Classic House Episode #26 – It’s Gonna Be Alright – Pussy 2000

In dance music, the concept of combining elements of two of more complete songs to create what is now known as a “mash-up“, “edit” or whatever term is being talked about today, is nothing new.  Ever since audio editing software became commercially available, and with even more primitive methods than that having been used before, people having been mashing up their favourite tunes and from about 1999-2002 it seemed like a new bootleg mix (often of hit-or-miss quality) was hitting websites every day.  Thankfully, some of these were good enough to impress the record labels owning the original tracks used in the mix to allow the remixers, mostly bedroom DJs and aspiring producers, to have the new “mash-up” version commercially released.

This is exactly the case with what began as a bootleg release from the production team known as Pussy 2000 (Andy Jones and Steven James Travell) and what would be commercially released as “It’s Gonna Be Alright” on V2 Music in the US and internationally.  The mash-up combines musical elements from the original six-minute version of the Clash anthem “Rock the Casbah” with the soaring vocals of Sterling Void on his 1987 hit “It’s Alright“.  The two tunes fit together perfectly and with a little bit of pitch shifting to create the groove, you get one serious heavy, funky and fantastic disco house anthem.

The track did extremely well in Canada and received the remix treatment from Chicago house legend DJ Sneak.  The original mix does the most damage on the dancefloor with the sing-along nature of the vocals and the genius idea of turning a a record by The Clash into a house track.  It’s a great one to pull out any time, and older crowd will definitely appreciate the ingredients in this little treat.  Bonus if you can get your hands on the Hard Pussy mix for a deeper darker take on the original.

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The Greatest Electronic Album Ever Made: Homework – Daft Punk Part 4 of 4

This is the final installment in our 4-part review of Daft Punk’s “Homework”.  Be sure to check out Parts 1, 2, and 3 as well!

SIDE D:

13.  Burnin’ – The final side of the album opens with one of Daft Punk’s most frequently overlooked masterpieces.  “Burnin'” is one of those tracks that truly defines DP’s ability to make you listen to try and figure out what exactly these guys were thinking when they literally whipped this one up, all while grooving your butt off.  Whooshing fire truck sirens, alarm bells, and a filtered subtractive synth line all build to a climax before one of the most defining basslines ever heard in house music drops and sends the track into sheer pandemonium.  The drum programming is simply brilliant here, with the lads tapping out what sounds like “Dueling Banjos” for percussion on their drum machines (including some cheeky, slightly out-of-place tom sounds just for fun).  I can’t tell you how many times I’ve seen this tune absolutely destroy in the clubs and based on the response DP received when they added it to the slightly revamped Alive 2007 set list, this one will continue to endure as a fan favourite.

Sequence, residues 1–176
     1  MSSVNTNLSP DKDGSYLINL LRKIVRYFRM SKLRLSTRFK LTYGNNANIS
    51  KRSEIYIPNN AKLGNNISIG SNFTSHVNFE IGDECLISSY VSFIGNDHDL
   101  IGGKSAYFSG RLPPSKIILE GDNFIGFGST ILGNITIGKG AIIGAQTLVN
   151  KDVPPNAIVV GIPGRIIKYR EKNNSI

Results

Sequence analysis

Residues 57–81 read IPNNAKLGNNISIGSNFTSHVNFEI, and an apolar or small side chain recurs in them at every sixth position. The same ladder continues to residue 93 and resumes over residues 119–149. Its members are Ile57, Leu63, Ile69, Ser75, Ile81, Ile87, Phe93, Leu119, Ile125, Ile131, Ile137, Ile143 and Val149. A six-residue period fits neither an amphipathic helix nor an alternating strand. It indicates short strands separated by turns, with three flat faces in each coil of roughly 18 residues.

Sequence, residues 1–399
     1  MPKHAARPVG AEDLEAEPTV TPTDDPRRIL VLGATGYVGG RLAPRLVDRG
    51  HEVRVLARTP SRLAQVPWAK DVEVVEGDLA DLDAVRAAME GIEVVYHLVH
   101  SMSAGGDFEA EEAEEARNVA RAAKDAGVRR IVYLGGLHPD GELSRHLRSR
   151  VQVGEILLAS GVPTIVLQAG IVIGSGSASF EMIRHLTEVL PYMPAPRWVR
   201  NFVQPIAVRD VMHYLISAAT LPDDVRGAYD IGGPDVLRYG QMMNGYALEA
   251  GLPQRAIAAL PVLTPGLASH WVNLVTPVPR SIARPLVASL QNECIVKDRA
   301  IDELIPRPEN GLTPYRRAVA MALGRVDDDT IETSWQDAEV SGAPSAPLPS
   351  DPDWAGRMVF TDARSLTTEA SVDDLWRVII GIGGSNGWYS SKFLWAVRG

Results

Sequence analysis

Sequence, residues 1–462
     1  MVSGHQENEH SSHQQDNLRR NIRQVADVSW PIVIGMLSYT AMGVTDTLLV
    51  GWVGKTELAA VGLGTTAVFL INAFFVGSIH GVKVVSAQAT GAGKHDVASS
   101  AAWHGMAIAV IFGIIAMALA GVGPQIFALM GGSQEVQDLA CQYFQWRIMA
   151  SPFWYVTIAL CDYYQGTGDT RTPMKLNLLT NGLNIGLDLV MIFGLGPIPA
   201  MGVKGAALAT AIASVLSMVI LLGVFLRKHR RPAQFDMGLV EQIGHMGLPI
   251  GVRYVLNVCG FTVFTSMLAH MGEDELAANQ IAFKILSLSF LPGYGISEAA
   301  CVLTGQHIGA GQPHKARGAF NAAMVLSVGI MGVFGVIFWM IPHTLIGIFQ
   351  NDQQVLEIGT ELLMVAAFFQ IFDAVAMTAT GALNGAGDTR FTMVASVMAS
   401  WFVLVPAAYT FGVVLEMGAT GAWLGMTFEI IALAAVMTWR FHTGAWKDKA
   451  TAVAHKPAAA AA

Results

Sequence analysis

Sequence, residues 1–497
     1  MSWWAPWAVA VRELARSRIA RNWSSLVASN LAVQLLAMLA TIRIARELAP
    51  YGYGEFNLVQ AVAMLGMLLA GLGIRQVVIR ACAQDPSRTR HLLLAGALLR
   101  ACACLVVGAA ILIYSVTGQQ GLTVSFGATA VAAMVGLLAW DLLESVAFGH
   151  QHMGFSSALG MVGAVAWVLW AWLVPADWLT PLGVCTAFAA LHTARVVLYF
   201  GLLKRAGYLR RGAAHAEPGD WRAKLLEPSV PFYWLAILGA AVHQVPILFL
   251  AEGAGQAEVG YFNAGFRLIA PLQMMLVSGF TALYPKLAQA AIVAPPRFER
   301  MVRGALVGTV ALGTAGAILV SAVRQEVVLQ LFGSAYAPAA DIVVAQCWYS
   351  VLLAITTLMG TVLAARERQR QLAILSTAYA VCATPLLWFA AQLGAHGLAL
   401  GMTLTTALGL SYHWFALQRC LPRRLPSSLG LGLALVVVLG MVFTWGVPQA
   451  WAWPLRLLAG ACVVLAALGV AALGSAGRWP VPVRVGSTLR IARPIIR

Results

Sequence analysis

14.  Indo Silver Club– One word:  MADNESS.  This is Daft Punk at their absolute nuttiest; here they grab a snippet of “Hot Shot” by Karen Young (the only credited sample on the album) and set a bendy bassline to auto-insanity and let ‘er rip.  This is an extremely cool track, one that takes a sample so far out of its original context it’s ridiculous and the result is a great late night tune that served as the duos second Soma single, released simply as “Indo Silver Club“.  The single contained “Part 1”, a heavier, rolling, clanky techno cut, and “Part 2″ which appears on the album.  The 12” (of which I have a copy, tee-hee) is one of the tougher DP releases to track down, but well worth it if you’re a diehard fan.